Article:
After 1967, thousands of Jewish "settlers" had begun establishing colonies in East Jerusalem and throughout Gaza and the West Bank, in open violation of the Geneva Conventions. Colonization gave Israel the excuse of continuing its military occupation to "protect the settlers."  In 1980, in defiance of the UN Security Council, it declared East Jerusalem to be a part of Israel, and entrenched its efforts to colonize East Jerusalem and its suburbs.  In the decades that followed – and even while it was promising the Palestinians "land for peace" – Israel expanded its program of illegal colonization in the occupied territories. Today, 236,000 Israeli "settlers" live on land across the West Bank and Gaza Strip that was confiscated from Palestinians, while another 200,000 have occupied East Jerusalem – in defiance of UN resolutions and international law.  These "Jewish pioneers" see the Palestinian homeland as part of the "biblical land of Israel" – theirs for the taking.

 Didn’t Israel make Arafat a Generous Offer in 2000 that he Refused?


While Israel claimed that the offer was generous, it was a proposal based on a power relationship where Israel decided it should dictate all terms, and tell the Palestinians they were being generous.  Israel offered to "give back" 87% of the occupied territories – which would have constituted about 20 percent of historic Palestine.  In return, the Palestinians would first need to give up their “right of return.” Second, though in geographic terms, the territorial concessions of Israel seemed tempting, Israel would have managed the proposed Palestinian state like a prison, controlling Palestine's borders, airspace and water supply, much as a prison warden controls the gates, cells, food and services of a prison.  In addition, prime land that Israel had seized for large Jewish settlements – especially around Jerusalem – would become part of Israel. In a move that few Palestinians questioned, Arafat chose not to relinquish his people’s birthright for this unseemly offer.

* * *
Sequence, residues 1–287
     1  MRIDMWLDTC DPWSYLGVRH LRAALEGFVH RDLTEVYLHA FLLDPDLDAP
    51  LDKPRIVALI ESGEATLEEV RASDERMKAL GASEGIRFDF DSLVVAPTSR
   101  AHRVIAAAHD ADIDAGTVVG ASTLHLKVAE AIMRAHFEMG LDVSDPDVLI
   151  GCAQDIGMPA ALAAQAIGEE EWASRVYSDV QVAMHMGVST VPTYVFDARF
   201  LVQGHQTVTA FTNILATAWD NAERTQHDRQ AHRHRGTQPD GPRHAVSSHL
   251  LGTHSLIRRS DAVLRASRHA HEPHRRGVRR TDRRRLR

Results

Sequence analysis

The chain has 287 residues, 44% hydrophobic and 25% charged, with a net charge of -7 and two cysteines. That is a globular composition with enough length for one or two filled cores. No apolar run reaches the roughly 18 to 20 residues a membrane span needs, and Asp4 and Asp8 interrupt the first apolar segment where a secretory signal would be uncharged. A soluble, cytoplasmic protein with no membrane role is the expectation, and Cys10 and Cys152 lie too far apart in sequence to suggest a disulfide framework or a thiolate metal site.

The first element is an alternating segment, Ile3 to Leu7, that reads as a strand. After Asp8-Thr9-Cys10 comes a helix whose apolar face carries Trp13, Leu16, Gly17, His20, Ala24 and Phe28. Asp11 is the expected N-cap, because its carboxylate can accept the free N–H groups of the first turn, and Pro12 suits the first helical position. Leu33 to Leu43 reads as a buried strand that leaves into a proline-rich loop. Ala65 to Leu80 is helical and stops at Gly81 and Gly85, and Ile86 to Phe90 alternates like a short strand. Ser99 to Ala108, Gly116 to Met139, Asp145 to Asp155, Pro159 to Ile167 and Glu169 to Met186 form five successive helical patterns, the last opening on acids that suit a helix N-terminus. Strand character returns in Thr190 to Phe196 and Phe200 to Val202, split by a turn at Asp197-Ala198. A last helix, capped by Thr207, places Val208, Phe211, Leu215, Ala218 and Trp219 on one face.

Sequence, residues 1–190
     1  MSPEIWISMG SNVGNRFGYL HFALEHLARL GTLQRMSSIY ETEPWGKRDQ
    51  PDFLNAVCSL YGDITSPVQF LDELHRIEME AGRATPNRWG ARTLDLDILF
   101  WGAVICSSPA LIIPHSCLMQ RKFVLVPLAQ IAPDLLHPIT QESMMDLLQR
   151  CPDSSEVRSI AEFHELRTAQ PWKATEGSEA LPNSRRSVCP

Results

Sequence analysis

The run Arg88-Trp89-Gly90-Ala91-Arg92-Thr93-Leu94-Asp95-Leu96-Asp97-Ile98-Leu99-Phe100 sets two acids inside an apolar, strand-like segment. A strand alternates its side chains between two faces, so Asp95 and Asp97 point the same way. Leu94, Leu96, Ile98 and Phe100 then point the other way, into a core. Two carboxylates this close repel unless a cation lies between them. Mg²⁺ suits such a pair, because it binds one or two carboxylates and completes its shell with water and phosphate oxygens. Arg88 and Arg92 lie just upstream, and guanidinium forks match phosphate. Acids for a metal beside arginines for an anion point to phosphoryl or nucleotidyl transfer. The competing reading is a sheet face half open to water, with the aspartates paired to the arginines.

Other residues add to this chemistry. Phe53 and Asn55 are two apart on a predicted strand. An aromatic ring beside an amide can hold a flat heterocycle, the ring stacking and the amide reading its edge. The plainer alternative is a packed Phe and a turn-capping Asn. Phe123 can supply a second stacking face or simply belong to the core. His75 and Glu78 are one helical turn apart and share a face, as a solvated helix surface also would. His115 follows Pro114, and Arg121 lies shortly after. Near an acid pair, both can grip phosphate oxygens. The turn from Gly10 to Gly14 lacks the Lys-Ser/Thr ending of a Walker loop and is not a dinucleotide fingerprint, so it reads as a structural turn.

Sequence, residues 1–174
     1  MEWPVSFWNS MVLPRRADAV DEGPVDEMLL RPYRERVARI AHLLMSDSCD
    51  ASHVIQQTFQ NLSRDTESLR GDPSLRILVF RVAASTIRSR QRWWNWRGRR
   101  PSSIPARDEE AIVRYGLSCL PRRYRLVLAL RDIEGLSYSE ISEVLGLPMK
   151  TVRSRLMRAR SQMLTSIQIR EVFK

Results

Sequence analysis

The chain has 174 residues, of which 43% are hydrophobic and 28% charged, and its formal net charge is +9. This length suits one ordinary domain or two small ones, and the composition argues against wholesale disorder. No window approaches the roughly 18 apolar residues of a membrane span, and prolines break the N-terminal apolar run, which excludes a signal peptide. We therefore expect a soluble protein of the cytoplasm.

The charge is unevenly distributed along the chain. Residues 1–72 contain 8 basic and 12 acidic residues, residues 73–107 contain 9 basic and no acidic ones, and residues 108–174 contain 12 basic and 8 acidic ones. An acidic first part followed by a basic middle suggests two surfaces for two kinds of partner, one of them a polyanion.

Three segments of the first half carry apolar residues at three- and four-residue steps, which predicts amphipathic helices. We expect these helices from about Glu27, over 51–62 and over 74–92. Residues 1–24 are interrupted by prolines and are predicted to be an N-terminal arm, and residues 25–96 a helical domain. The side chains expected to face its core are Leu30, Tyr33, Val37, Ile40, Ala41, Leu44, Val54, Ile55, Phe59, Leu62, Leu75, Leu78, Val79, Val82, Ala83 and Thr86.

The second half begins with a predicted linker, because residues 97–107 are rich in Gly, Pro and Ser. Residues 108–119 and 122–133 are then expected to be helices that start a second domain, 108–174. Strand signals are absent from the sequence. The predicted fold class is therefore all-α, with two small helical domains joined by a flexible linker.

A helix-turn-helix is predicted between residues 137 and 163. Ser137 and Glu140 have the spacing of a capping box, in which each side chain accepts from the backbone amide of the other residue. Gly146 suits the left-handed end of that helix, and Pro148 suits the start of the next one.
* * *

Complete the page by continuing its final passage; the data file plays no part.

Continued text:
Doesn’t Israel currently have a Plan to Withdraw from the Settlements?


Israel is building a barrier up to 25 feet high – complete with electrified fencing, concrete walls, ditches and barbed wire – supposedly to protect Israel from terrorist attacks.  Most of the wall will cut deep into the occupied territories, incorporating into Israel 80% of its illegal settlements and up to 40% of the Palestinian homeland, including fertile farmland and sources of water for Israeli agriculture. It will turn Palestinian farms, villages and cities into virtual prisons. The "Annexation wall" is a new step in the ongoing dispossession of the Palestinians. 


The plan is to withdraw all 7,000 of the Jewish colonizers in the Gaza Strip – and move them to join the other 430,000 colonizers in Jerusalem and the West Bank. Under Sharon's "bold initiative," Israel will speed up construction of its walls around Palestinian cities and towns, then annex everything that's left and call it "Israel."  It goes against all UN resolutions and international law.  Nevertheless, in April, 2004,  President George Bush gave the green light to Israel's land-grab, knowing that it means – in Sharon's own words – "the end of the Palestinians' dreams" of living in peace and security in their own state. The Zionists' dream of escaping European ghettos has become an unending nightmare for 9 million Palestinians, whose only "crime" is to call Palestine their home.